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One quick look at the box shows that there’s a good combination between the brand new striped design, as well as the older ones. There’s no particular reason here as why a couple of them are displayed in a singular style, while the rest are found in another. So it’s assumed that Lego has just decided to transition in between the two builds.

So many of these bags have corresponded to just one story of the buildings incorporated in the 70751 – Beginning with the smuggler’s market. This segment is constructed on top of a 16 x 16 base, and deals with a mixture of sand green and grey bricks.

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It has now become highly apparent that this build is going to be completely enjoyable in itself. That’s because there are several amazing techniques utilized while constructing. This includes the usage of an inverted mining helmet, which you can use as a basin. The roofs have been created thanks to a couple of garage door elements, and these are wonderfully connected using golden robot arms. The ability to keep these roofs from rolling back can be highly useful for an interesting function.

The next part of the build is the blacksmith’s shop. It starts in pretty much the same way as the previous segment – Placing the completed build on a 16 x 16 base with its darkened tan. The building’s walls do recreate a similar effect of daub and wattle, thanks to its headlight bricks that seem to represent the temple’s wooden pillars, as well as the medium blue bricks that are supposed to mimic the render. To be able to build the correct size of the window, a tiny section has been constructed on its side. This brings twice the amount of interest to the construction section. Meanwhile, the roof is comprised of tiles and plates which were tied together at the peak. This is one more technique that produces a spectacular result in the end.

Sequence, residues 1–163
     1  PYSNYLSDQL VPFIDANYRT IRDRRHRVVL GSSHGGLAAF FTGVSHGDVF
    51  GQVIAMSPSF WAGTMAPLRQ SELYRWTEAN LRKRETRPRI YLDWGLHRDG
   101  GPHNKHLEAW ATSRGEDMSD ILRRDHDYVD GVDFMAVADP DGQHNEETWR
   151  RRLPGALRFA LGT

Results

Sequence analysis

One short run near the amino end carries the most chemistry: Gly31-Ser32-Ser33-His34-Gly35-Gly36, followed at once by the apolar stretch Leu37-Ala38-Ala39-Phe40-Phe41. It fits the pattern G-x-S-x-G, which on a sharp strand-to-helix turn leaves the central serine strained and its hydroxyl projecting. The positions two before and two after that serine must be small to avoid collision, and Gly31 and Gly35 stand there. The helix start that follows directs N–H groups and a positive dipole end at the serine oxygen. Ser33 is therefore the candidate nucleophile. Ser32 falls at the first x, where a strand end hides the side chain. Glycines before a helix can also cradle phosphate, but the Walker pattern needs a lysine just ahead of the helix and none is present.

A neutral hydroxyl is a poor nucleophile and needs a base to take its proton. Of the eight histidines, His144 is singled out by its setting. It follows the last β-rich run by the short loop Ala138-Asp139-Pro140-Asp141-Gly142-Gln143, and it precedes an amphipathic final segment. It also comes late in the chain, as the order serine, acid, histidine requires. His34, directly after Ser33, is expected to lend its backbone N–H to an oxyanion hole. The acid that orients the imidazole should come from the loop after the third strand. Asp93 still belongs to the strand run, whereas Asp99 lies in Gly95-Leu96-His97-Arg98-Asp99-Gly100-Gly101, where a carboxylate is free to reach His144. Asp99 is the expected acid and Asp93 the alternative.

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The temple completely occupies the entire majority of the brick pieces that come with the set. The construction process starts in a rather cryptic method, while you build up those turntables and place them on weird tiled surfaces in various colors. But everything becomes clear all of sudden when you set the light brick into its place. There are, surprisingly, a couple of Lego Technic elements which have been utilized for the whole shadow theater function. This is all possible thanks to a rubber band, as well as 2 x 2 turntables that allow plenty of these elements to move along. Fans are pretty sure that this mechanism will gain loads of benefits from becoming a bit simpler, since there’s a hidden button located behind the lightened bricks. It’s still one of the most interesting parts of the build, nonetheless.

There is a see-through plastic sheet that has been utilized to form the screen onto which the image will be shown. Meanwhile, building the flight of steps found on either side of the temple is very simple, but still works well. It uses the geometry of the 1 x 3 slopes, as well as the A-frame pieces to build up a beautiful shape.